She lost the ability to walk at the end of the year and I know that most probably the only time she will leave the nursing home this year will be for the trip to the undertaker. I am very lucky that I was able to bring Mum home and it was lovely to be able to serve her favourite ice-cream with fruit from the garden as she watched the birds and the view. Precious memories, and I am starting to cry as I type. I know that on some visits the house was familiar to her yet on others she asked why I had stopped the car outside.

    You won't know until you try - if you are well prepared for problems and have a strategy to cope with the return to the home I feel you will regret not trying it, but you must of course consider the risks yourself. Best wishes, whatever you decide.
     
  5. Sharonk43

    Sharonk43 Registered User

    May 24, 2015
    29
    Definately not

    My father was in care 4yrs ago and my brother insisted on taking dad out and taking him home against my wishes. He thought it was helping dad but actually it was making things so much worse. Its like rubbing their nose in it that they are no longer able to live at home and they will not settle.
    We were able to bring dad home permantley for 3yrs up until last wednesday when after being in hospital for 4wks we have now had to admit him into a nursing home and this time there is no chance of him coming home. He kept asking when he could come home the other day as he is still very with it alot of the time, it is his mobility that has made it impossible for him to be cared for at home as he has totally lost the abiity to walk thanks to the hospital being to lazy to get him out of bed for toileting etc.
    My advice, as hard as it is, don't take your mum back to her old home, it will bring many memories back for her which will be upsetting when she has to go back to her CH.
     
  6. Padraig

    Padraig Registered User

    Dec 10, 2009
    1,039
    Hereford
    To return some one home from a Nursing Home, one must be single minded and determined to go all the way. Most of all, you need to take control. Accept advice if you must and seek help when you require it. To to then return a LO to a NH I just can't imagine the fear that person would be put through.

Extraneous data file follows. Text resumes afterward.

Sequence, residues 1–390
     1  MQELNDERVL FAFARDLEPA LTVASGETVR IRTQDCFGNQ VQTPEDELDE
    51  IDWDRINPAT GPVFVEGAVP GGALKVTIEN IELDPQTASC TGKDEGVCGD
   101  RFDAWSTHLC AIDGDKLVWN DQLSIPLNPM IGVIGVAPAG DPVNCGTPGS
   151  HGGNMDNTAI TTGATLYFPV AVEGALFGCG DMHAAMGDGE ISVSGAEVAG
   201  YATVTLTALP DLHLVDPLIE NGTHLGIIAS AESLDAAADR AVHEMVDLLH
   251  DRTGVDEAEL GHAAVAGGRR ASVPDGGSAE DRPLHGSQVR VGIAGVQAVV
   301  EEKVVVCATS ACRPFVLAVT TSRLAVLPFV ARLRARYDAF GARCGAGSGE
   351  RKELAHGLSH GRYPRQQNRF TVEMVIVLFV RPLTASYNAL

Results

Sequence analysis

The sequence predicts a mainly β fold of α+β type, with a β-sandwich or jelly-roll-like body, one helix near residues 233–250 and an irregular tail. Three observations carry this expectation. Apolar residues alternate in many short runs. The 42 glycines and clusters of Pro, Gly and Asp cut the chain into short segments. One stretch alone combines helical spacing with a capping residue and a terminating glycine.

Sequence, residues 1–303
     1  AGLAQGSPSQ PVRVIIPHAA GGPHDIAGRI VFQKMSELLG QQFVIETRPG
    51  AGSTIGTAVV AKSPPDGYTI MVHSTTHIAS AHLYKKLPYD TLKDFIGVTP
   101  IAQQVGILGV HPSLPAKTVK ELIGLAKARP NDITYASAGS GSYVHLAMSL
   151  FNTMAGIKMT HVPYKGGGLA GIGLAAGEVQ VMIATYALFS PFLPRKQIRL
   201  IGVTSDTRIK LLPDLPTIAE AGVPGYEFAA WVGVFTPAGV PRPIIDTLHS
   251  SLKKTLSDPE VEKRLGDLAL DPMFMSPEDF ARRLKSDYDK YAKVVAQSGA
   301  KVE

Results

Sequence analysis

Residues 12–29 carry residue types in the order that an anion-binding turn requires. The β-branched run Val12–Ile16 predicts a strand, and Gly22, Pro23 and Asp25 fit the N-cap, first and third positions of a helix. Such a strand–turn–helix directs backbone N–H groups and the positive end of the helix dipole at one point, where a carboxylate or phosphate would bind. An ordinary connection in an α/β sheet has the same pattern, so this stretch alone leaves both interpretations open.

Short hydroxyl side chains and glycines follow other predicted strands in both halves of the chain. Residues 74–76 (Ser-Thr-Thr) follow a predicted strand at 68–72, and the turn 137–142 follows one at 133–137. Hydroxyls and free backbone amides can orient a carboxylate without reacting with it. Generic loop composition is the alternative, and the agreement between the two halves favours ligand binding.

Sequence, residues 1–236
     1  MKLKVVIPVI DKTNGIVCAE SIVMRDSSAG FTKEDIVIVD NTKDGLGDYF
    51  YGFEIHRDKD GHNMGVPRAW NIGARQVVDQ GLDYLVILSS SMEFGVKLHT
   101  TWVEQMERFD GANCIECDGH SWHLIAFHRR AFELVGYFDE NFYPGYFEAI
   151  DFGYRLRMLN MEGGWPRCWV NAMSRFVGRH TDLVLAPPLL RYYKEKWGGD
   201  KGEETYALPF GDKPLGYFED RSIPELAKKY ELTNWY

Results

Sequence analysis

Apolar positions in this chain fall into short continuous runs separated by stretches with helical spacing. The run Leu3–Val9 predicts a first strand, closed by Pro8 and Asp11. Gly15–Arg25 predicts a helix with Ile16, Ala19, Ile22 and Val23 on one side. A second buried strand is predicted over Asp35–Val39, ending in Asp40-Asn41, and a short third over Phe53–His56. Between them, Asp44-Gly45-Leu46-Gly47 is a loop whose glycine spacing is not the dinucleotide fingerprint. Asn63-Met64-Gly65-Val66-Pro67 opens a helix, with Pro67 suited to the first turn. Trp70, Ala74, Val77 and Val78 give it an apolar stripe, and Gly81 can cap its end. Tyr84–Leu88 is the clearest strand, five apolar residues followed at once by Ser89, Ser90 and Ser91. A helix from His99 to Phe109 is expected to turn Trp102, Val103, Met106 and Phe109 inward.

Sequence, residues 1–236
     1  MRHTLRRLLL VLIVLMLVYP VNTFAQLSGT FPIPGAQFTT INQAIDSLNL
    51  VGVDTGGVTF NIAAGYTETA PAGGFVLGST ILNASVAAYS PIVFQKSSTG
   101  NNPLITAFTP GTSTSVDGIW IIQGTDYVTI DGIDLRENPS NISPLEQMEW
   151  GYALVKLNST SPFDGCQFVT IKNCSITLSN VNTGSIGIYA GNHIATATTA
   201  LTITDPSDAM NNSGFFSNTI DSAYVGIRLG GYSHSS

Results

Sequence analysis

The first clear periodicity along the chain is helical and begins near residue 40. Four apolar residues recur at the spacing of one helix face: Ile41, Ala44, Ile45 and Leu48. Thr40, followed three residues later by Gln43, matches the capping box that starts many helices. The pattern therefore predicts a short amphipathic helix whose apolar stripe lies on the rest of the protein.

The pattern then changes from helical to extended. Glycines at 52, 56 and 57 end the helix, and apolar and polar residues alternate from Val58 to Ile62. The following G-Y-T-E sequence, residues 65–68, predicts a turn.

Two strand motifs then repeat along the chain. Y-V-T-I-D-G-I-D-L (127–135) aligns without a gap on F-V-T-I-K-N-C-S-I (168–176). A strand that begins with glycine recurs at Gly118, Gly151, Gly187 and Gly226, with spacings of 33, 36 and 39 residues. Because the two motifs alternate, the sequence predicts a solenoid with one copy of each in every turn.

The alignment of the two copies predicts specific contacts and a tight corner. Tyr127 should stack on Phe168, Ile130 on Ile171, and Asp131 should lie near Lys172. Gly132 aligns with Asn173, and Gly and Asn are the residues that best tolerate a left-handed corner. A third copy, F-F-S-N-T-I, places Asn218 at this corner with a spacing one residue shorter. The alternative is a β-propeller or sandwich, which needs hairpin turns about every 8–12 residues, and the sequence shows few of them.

I'm writing from experience as I took my wife home when she was bedridden and refused to eat. Yes I listened to the doctors, but in the end I managed in my own way. The best I can compare it with, was like looking after a child who had not yet learned to speak. When my wife was in hospital a nurse told me my wife would not eat. My question to her was: "If I took your child to my house, do you think it would take kindly to been fed by a stranger?"

    Fortunately I had an extra five years longer with my wife than the experts had predicted. Not for a moment am I suggesting anyone take a loved one home. Each of us are different and some of us view and approach life differently. In that respects I have always been a social misfit.
     
  7. mcmidlothian

    mcmidlothian Registered User

    Feb 11, 2015
    5
    Not sure if its a good idea

    My husband has had frontal lobe Alzheimers since the age of 64 he is now 70.For over seven years and I managed without any help all this time however, the last six months, he has not recognised his home of 47 years. Every day he said,"when are we going home" referring to his childhood home. I was prescribe respiridone to make his more settled, but it only made his much more agitated. He is now in the community hospital. I get some very small comfort in the knowledge that it is not his real home he is thinking of. The hardest thing is overwhelming sense of guilt that I could no longer cope. There seems to be so many variations on symptoms, no 2 people are the same which makes things difficult.